Saturday, July 16, 2011

Libyan Rebels repaired the Sarir and Misla oilfields

REBEL-held Arabian Gulf Oil (Agoco) has repaired the Sarir and Misla oilfields; anti-regime forces have cleared the surrounding area of loyalist troops; and ;production could begin today, a senior industry source said on 15 July.

Oil output could reach 180,000 barrels a day (b/d) in the short term, enough to export three or four cargoes a month from Tobruk and earn the Transitional National Council (TNC) a vital stream of revenue as its forces close in on Muammar Qadhafi's troops in Brega, Gharyan, Zliten and Tripoli.

At international prices, such production volumes would earn the TNC almost $2 million a day. The rebel government has spent recent weeks pleading for cash from Western countries backing its campaign against the government.

Security tight as production resumes

Agoco is understood to be awaiting a brigade of troops to arrive at the Sarir and Misla oilfields to ensure security as production resumes. The TNC is thought to have begun putting an installation protection force together, possibly involving troops from the Tabu tribe, from Libya's southern border region.;Jalu is clear; the source said, referring to a town near the oilfields that had been used by Qadhafi forces to attack the facilities.

The fields, which were producing well over 300,000 b/d before the war, were shut in following attacks on surface installations in April and June. Another attack in late April knocked out a booster station on the pipeline that links the fields with the Marsa el-Hariga port, next to Tobruk.

Agoco has found a by-pass that will allow oil to flow through the pipeline at a reduced pressure and capacity without using the damaged booster station. The company has also been shopping in the UK to find parts to replace the booster station, although it is understood that no foreign firm is yet willing to enter Libya's rebel-held east to carry out the repairs.

Sarir and Misla both generate their own electricity to power surface facilities. But small oil production must begin first, enabling associated gas to fire turbines to maintain output.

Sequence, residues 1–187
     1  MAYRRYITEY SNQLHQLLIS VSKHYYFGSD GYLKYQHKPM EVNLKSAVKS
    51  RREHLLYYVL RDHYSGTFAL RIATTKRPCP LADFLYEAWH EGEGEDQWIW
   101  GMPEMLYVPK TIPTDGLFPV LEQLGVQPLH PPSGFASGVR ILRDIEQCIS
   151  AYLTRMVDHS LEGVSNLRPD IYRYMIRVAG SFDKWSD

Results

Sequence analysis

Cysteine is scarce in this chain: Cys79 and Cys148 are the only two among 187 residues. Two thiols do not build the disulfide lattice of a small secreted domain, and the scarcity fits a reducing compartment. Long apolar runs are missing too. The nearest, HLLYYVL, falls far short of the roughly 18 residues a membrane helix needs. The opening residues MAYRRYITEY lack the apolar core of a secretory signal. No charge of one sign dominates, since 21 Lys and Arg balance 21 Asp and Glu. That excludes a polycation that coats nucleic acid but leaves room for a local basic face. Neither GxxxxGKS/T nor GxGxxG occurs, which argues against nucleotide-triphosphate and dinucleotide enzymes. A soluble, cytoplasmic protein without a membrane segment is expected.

Agoco says it is ready; said the source.They just need a full brigade of guards there to protect [the installations].

The Benghazi-based company, a unit of Libya's National Oil Company, has been under rebel control since the start of the rebellion. The source said it had brought vehicles and parts from other oilfields elsewhere in Libya to complete work on Sarir and Misla.

Since the uprising in February, Tobruk has exported three cargoes of Sarir and Misla crude oil; but only one shipment, lifted by Vitol in early April, has earned the rebels any income. Money for the two other cargoes went to Tripoli, under terms agreed before the conflict.

Rebels in Brega

The news that the TNC may now begin producing oil will buoy the rebel's hopes elsewhere in Libya. On 14 July, reports emerged that rebel forces had entered Brega, Qadhafi's most heavily defended city outside Tripoli. Brega's fall would give the rebels a key oil-export hub and, said military experts, a launch pad to capture the rest of the coastal road.

Nato has struck Brega dozens of times in the past two weeks, including attacks on its oil installations, marking an implicit shift in strategy, said a Western diplomat who spoke on condition of anonymity.

Fighting in the Nafusa Mountains, in the west, is also bringing the rebels closer to Tripoli ; and to Gharyan, a garrison city south of the capital that is also key to one of the last remaining supply routes for regime fuel, which it is sourcing from Algeria.

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